Blobber is live - upload ALL the things!

Last week without any fanfare, we closed bug 749421 - Allow test slaves to save and upload files somewhere. This has actually been working well for a few months now, it's just taken a while to close it out properly, and I completely failed to announce it anywhere. mea culpa!

This was a really important project, and deserves some fanfare! cue trumpets, parades and skywriters

The goal of this project was to make it easier for developers to get important data out of the test machines reporting to TBPL. Previously the only real output from a test job was the textual log. That meant if you wanted a screen shot from a failing test, or the dump from a crashing process, you needed to format it somehow into the log. For screen shots we would base64 encode a png image and print it to the log as a data URL!

With blobber successfully running now, it's now possible to upload extra files from your test runs on TBPL. Things like screen shots, minidump logs and zip files are already supported.

Getting new files uploaded is pretty straightforward. If the environment variable MOZ_UPLOAD_DIR is set in your test's environment, you can simply copy files there and they will be uploaded after the test run is complete. Links to the files are output in the log. e.g.

15:21:18     INFO -  (blobuploader) - INFO - TinderboxPrint: Uploaded 70485077-b08a-4530-8d4b-c85b0d6f9bc7.dmp to http://mozilla-releng-blobs.s3.amazonaws.com/blobs/mozilla-inbound/sha512/5778e0be8288fe8c91ab69dd9c2b4fbcc00d0ccad4d3a8bd78d3abe681af13c664bd7c57705822a5585655e96ebd999b0649d7b5049fee1bd75a410ae6ee55af

Your thanks and praise should go to our awesome intern, Mihai Tabara, who did most of the work here.

Most test jobs are already supported; if you're unsure if the job type you're interested is supported, just search for MOZ_UPLOAD_DIR in the log on tbpl. If it's not there and you need it, please file a bug!

Behind the clouds: how RelEng do Firefox builds on AWS

RelEng have been expanding our usage of Amazon's AWS over the past few months as the development pace of the B2G project increases. In October we began moving builds off of Mozilla-only infrastructure and into a hybrid model where some jobs are done in Mozilla's infra, and others are done in Amazon. Since October we've expanded into 3 amazon regions, and now have nearly 300 build machines in Amazon. Within each AWS region we've distributed our load across 3 availability zones.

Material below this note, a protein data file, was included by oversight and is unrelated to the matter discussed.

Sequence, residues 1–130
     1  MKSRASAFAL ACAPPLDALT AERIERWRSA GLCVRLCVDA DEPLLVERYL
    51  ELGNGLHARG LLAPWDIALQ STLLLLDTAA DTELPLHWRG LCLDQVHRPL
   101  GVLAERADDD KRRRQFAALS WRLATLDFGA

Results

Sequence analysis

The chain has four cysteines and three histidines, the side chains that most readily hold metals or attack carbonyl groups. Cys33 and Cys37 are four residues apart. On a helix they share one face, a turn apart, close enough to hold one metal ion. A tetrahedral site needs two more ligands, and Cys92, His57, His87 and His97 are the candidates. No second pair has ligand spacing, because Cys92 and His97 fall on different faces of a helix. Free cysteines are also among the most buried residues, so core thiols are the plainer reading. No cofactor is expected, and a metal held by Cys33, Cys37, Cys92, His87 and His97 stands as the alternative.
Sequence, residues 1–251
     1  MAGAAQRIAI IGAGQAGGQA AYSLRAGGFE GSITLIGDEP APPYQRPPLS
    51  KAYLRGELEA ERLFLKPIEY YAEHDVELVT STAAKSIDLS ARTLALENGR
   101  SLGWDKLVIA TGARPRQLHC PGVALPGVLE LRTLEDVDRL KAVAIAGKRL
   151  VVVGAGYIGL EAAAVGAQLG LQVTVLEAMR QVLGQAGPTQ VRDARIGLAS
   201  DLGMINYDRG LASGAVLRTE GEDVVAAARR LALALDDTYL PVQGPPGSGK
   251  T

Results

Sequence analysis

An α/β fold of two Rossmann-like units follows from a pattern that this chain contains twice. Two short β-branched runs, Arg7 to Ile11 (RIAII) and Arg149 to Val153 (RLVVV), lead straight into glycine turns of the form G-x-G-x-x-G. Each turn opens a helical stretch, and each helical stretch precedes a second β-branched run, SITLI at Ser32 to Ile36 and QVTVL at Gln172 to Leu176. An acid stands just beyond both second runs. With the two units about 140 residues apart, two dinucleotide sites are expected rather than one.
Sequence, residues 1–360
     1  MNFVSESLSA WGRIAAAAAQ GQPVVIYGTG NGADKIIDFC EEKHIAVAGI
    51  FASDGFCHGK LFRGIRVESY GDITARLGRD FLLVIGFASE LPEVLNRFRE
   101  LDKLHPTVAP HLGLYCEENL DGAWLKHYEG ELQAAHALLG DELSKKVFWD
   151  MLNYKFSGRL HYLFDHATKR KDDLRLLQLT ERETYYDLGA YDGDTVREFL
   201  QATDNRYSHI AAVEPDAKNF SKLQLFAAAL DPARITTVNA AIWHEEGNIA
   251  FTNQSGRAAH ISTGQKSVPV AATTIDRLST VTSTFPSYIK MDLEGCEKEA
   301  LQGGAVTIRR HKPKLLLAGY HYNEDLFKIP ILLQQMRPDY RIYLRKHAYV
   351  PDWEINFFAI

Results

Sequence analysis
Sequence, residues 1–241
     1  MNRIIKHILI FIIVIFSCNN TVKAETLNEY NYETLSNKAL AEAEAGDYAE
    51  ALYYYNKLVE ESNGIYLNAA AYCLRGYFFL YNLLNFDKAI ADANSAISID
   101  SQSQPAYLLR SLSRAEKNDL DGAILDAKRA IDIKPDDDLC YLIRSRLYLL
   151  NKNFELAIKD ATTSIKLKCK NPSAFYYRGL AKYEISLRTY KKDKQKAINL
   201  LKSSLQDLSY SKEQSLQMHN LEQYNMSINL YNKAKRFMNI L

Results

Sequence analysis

That's great! But how does it work?

Behind the scenes, we've written quite a bit of code to manage our new AWS infrastructure. This code is in our cloud-tools repo (github|hg.m.o) and uses the excellent boto library extensively.

The two work horses in there are aws_watch_pending and aws_stop_idle. aws_stop_idle's job is pretty easy, it goes around looking at EC2 instances that are idle and shuts them off safely. If an EC2 slave hasn't done any work in more than 10 minutes, it is shut down.

aws_watch_pending is a little more involved. Its job is to notice when there are pending jobs (like your build waiting to start!) and to resume EC2 instances. We take a few factors into account when starting up instances:

  • We wait until a pending job is more than a minute old before starting anything. This allows in-house capacity to grab the job if possible, and other EC2 slaves that are online but idle also have a chance to take it.
  • Use any reserved instances first. As our AWS load stabilizes, we've been able to purchase some reserved instances to reduce our cost. Obviously, to reduce our cost, we have to use those reservations wherever possible! The code to do this is a bit more complicated than I'd like it to be since AWS reservations are specific to individual availability zones rather than whole regions.
  • Some regions are cheaper than others, so we prefer to start instances in the cheaper regions first.
  • Start instances that were most recently running. This should give both better depend-build time, and also helps with billing slightly. Amazon bills for complete hours. So if you start one instance twice in an hour, you're charged for a single hour. If you start two instances once in the hour, you're charged for two hours.

Overall we're really happy with Amazon's services. Having APIs for nearly everything has made development really easy.

What's next?

Seeing as how test capacity is always woefully behind, we're hoping to be able to run a large number of our linux-based unittests on EC2, particularly those that don't require an accelerated graphics context.

After that? Maybe windows builds? Maybe automated regression hunting? What do you want to see?